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Adem Dzananovic

Professor Green
EXPL 292
11 February 2016
Reflection Paper B
In the previous reflection we wrote for this class, we learned about the various forms of
service. The service I am speaking of is in regards to community service or service that an
individual will not require compensation for. When reading the articles for the first reflection,
I as well as many others were enlightened by the various forms, types, and reasons for
service. What came across as shock may be the theory of SINS, or service is not simple. This
short phrase refers to the idea that service is not always good. This ideology or theory that
service is not good for people being served is a central theme in the two articles, To Hell
with Good Intentions, by Ivan Illich, and Starfish Hurling and Community Service by
Keith Morton.
In To Hell with Good Intentions by Ivan Illich, the central theme of the article is that
the less fortunate members of society in Mexico, as well as other parts of Latin America, do
not need nor want help from Western Culture, or more specifically, the United States of
America. Illich speaks strongly about his disgust with American students sacrificing their
summer vacations and coming to Mexico to help out the less fortunate and less wealthy
members of society. The article is actually an addressed speech by Monsignor Ivan Illich to
the Conference on InterAmerican Students Projects (CLASP) in Mexico, on 1968. In the
article, Illich states numerous reasons for why Americans should not come to the Latin

nations in efforts to help them. Instead, Illich finishes his speech by telling that American
students to use your money, your status and your education to travel in Latin America. Come
to look, come to climb out mountains, to enjoy our flowers. Come to study. But do not come
to help. (Illich 4). With an concluding statement like that, anyone can see that Illich is
strongly against the intervention of American students in the communities of Latin nations.
These strong beliefs originate from the issue of who is serving and why. Some issues that
correspond with serving involve power, privilege, and relationships. These three key points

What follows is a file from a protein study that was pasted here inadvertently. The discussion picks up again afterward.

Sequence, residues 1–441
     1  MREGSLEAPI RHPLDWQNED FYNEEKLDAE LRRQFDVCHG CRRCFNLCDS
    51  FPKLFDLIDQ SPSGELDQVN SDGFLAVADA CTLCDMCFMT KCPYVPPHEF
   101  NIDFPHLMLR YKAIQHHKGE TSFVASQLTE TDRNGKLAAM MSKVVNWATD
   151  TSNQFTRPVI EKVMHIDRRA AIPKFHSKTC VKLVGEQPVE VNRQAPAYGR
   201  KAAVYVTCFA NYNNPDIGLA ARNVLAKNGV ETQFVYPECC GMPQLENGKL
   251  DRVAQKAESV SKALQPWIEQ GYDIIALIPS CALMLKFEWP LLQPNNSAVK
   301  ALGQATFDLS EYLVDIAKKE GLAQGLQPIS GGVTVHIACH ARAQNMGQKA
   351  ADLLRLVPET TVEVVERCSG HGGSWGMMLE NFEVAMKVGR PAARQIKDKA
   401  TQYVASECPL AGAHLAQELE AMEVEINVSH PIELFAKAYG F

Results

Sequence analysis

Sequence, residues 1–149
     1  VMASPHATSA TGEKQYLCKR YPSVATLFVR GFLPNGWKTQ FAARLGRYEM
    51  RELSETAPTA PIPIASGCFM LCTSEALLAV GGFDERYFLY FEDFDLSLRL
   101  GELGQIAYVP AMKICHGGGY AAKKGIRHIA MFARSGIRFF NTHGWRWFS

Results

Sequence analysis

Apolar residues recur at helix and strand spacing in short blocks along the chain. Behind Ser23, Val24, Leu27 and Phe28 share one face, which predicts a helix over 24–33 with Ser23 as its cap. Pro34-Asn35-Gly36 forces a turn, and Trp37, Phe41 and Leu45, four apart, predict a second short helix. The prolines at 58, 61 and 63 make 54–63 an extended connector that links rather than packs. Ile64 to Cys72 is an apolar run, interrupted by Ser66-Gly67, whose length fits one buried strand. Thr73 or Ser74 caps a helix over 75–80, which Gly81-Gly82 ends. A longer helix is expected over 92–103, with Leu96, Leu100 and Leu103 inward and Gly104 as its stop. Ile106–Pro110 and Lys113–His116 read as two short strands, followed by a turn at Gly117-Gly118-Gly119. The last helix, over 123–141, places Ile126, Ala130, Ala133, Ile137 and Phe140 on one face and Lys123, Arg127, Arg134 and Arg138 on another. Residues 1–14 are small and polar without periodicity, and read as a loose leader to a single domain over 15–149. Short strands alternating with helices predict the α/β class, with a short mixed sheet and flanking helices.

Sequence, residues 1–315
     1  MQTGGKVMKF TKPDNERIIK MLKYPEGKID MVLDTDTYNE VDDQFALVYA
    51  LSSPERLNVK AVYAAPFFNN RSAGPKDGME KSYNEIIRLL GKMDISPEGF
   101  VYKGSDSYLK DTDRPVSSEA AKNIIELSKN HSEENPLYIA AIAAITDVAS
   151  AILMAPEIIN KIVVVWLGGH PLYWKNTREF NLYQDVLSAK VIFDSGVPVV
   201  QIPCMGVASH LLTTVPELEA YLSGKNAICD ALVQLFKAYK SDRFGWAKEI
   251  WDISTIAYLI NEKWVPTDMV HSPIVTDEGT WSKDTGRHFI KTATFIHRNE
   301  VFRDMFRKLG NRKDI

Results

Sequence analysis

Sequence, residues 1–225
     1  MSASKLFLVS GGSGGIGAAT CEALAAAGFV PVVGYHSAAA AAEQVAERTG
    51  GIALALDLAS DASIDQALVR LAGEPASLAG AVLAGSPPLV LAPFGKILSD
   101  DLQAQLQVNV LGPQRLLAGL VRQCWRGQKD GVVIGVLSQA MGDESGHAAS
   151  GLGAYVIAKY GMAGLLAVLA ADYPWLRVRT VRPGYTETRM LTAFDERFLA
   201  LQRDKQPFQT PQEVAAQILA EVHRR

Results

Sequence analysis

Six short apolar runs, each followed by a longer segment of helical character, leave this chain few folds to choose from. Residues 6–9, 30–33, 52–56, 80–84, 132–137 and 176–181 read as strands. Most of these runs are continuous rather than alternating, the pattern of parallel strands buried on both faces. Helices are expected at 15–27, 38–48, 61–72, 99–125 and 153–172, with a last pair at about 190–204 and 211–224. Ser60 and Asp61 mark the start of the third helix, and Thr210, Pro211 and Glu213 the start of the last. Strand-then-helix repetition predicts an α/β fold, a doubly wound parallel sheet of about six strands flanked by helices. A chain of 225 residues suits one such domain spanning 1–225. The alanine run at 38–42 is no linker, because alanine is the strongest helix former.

are where Illich gets his opinion on why Americans should not help others. The first point is
power. Illich believes that Americans serve others because they believe that it is their moral
duty as the most powerful nation in the world. As mentioned in the articles from the first
reflection paper, people serve for religious reasons. These religious reasons state that people
should serve others because that is what God wants them to do, as well as that is what is
required from every child of God. A twist Illich puts on that theory is that American middleclass citizens, usually the ones going out and conducting the serving, are vacationing
salesmen for the middle-class American Way of Life (Illich 2). Just as the objective of
missionary trips are to spread a religion, Illich states that these American volunteers are
spreading the American Way of Life to these Mexican peasants. This spreading of the
American way of life and middle-class is spreading how great life in America is. The more
people that buy into the idea that the American culture, way of life, and system is great, the
greater it becomes, which in turn gives more power to the United States. People feel joy when
they see how caring and considerate America is by helping others around the world.
The second point of how service is complex refers to the privilege of the one conducting

the service and the one receiving the service. Illich states that the idea that every American
has something to give, and at all times may, can and should give it, explains why it occurred
to students that they could help Mexican peasants develop by spending a few months in
their village (Illich 2). This statement as well as when Illich talks about the percentage of
people that earn a higher education college degree in the United States verses Mexico shows
how privileged Americans are compared to Mexicans, Latin Americans, and the rest of the